Brittany Adams '12
While many beauty pageant contestants say their goal is to help people, Brittany Adams ’12, a former Miss Santa Clara, really has devoted herself to making the world a better place. As a Hackworth Fellow at the Ethics Center during her senior year at SCU, Adams began working on the issue of immigration, an interest that has guided her ever since.
Currently, Adams is working with the Catholic Charities of Santa Clara County on their Refugee Resettlement Program while she applies to law school with the hope of becoming an immigration attorney.
As a fellow at the Center, Adams researched undergraduate views on justice and fairness with regard to immigration, interviewing both citizens and undocumented students. “I became more attuned to challenges undocumented students faced,” she says. With her mentor, Campus Ethics Director David DeCosse, Adams presented her findings to the campus community, including recommendations for how Jesuit institutions of higher education should address the needs of the undocumented.
“After the Hackworth Fellowship, I felt a void,” Adams remembers. “I tried to find something I could do in the immigration area.” After graduating from SCU, she attended Harvard Divinity School, where she completed a master’s of theological studies on religion, ethics, and politics. She was a Harvard University Presidential Scholar, an honor that goes to the most outstanding master of theological studies and master of divinity applicants who demonstrate a concern for and interest in public service.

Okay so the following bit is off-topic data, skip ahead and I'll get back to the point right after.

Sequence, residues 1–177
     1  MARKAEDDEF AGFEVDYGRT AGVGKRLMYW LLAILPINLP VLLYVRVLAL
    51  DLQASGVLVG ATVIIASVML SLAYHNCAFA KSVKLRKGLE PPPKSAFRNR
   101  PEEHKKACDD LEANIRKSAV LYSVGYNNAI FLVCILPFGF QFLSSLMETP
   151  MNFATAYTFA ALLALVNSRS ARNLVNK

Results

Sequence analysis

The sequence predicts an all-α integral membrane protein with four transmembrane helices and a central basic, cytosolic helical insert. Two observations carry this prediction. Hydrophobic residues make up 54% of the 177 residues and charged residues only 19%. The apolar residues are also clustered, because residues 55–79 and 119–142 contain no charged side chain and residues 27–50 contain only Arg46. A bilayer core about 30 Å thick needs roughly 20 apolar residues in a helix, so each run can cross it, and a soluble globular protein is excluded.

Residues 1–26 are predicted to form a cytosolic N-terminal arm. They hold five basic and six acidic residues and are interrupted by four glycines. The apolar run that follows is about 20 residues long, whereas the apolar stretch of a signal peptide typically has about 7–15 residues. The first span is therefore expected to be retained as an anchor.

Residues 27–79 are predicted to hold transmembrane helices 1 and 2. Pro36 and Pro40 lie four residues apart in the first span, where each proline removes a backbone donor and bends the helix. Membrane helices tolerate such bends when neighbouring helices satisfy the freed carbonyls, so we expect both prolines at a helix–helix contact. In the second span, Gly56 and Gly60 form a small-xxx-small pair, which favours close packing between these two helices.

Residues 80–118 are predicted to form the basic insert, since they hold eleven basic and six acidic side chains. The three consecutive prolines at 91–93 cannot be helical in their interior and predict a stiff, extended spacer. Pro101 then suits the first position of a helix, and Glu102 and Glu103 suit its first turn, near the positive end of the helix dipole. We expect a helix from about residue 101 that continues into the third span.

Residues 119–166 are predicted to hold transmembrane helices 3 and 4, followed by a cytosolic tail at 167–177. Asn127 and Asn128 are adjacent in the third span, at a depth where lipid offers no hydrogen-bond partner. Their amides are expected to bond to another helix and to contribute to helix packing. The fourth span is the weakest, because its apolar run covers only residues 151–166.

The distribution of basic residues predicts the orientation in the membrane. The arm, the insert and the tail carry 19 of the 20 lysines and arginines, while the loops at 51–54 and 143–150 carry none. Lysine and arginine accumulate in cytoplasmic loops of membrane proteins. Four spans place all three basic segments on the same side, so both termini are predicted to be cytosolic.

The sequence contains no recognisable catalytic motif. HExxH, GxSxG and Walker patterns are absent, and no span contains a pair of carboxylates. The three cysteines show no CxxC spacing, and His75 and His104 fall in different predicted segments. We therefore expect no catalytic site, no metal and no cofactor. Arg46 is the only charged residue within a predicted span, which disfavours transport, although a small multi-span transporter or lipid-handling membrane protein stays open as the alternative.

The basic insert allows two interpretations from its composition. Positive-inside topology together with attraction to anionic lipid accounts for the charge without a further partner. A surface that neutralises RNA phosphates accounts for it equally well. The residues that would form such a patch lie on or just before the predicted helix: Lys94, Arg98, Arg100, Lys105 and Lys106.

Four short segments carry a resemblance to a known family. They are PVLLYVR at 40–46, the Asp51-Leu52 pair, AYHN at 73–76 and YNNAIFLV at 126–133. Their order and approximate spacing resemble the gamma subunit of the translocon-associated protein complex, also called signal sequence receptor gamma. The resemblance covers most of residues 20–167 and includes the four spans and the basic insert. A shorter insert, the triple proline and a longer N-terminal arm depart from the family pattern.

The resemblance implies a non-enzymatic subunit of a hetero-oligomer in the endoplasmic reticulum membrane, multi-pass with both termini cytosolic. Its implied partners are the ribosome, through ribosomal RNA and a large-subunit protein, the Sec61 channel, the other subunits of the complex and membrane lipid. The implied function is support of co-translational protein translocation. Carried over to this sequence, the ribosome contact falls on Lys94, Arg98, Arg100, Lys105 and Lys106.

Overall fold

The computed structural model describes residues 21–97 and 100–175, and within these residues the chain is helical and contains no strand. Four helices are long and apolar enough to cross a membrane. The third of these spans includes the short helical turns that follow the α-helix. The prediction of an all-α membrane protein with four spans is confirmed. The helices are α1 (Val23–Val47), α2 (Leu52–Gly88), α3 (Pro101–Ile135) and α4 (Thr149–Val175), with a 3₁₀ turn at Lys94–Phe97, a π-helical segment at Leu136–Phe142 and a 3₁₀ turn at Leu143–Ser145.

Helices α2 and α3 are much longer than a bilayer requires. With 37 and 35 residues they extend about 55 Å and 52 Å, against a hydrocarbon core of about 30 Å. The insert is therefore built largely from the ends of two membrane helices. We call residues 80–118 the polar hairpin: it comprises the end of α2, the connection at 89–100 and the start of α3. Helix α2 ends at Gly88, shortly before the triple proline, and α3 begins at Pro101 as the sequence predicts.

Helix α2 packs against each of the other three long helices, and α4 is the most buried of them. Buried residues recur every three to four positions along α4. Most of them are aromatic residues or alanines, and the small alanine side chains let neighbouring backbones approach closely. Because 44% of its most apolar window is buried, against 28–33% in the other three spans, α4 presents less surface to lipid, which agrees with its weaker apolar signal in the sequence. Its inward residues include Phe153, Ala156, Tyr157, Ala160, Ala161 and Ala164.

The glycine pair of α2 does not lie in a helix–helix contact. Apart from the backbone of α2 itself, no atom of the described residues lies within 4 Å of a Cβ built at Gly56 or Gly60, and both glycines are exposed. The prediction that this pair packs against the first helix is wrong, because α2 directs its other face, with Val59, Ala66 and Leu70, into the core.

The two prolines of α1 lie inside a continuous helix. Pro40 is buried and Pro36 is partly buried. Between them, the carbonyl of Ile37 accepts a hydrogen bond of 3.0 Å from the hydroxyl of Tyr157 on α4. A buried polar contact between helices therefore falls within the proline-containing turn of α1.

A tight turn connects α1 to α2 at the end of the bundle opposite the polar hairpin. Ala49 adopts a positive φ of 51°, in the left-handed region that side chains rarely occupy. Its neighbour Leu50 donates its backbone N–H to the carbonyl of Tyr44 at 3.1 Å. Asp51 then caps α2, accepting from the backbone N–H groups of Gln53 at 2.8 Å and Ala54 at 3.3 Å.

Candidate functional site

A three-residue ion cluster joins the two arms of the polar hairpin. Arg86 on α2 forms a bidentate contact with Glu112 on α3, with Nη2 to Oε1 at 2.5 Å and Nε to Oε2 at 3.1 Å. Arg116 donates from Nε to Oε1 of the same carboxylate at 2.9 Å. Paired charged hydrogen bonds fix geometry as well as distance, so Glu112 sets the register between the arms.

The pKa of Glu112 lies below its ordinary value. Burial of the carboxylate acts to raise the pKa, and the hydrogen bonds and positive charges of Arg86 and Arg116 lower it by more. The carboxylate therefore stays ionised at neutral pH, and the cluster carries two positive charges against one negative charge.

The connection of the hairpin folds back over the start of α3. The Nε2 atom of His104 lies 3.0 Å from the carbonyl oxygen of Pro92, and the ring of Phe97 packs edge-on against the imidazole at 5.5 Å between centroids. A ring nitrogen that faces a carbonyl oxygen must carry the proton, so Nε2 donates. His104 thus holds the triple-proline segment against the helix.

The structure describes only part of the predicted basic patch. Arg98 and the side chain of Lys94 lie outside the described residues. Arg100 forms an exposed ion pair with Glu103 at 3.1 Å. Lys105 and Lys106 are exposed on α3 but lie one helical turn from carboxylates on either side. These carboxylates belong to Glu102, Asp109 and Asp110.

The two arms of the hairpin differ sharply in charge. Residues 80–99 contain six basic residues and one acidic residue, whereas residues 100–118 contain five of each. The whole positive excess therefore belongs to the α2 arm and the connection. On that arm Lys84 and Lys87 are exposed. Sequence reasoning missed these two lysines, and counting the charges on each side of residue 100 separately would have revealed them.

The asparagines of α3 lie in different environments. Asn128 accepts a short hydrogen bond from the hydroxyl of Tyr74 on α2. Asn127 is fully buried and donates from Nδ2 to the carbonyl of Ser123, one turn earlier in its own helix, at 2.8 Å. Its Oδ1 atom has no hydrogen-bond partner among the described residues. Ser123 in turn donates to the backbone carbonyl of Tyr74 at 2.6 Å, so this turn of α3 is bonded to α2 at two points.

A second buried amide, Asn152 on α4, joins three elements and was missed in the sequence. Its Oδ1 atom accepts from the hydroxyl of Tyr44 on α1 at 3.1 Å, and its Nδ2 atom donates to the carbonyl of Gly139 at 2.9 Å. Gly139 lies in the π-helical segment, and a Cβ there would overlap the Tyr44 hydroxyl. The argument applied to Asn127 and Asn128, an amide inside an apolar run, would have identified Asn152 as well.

At Harvard, Adams took as many classes on immigration as she could find, and also volunteered for Harvard Law School’s Immigration and Refugee Clinic. “That solidified my interest in refugee law— seeing attorneys work empathetically with clients,” Adams says. “Initially I thought I wanted to pursue a Ph.D., but my time working at the clinic moved me in a different direction—to pursue law and become a refugee attorney.”
As a volunteer with Catholic Charities, she does fundraising for the Refugee Resettlement Program. Adams explains how the program works: “In Washington, D.C., all these different resettlement agencies meet in a conference room where they go through stacks of cases, and each agency offers to take some of them. Catholic Charities, on principle, takes the toughest cases—the ones no one else will take, ” Adams explains. These cases are then distributed to Catholic Charities organizations throughout the country, and the local groups provide services such as housing, English as a second language instruction, and employment help.
Adams’ great grandparents were immigrants from Mexico, but she describes herself as “detached” from that experience until she came to SCU. “My understanding was really limited,” she says. “I stumbled on immigration when I took a class on it with [former SCU] Professor Kristin Heyer.” She also served as a research assistant to Heyer for her book Kinship Across Borders: A Christian Ethic of Immigration(Georgetown University Press, Moral Traditions series, 2012.)
That initial experience led Adams to pursue her Hackworth Fellowship at the Center. “I credit my time as a fellow; it has really shaped my entire journey.”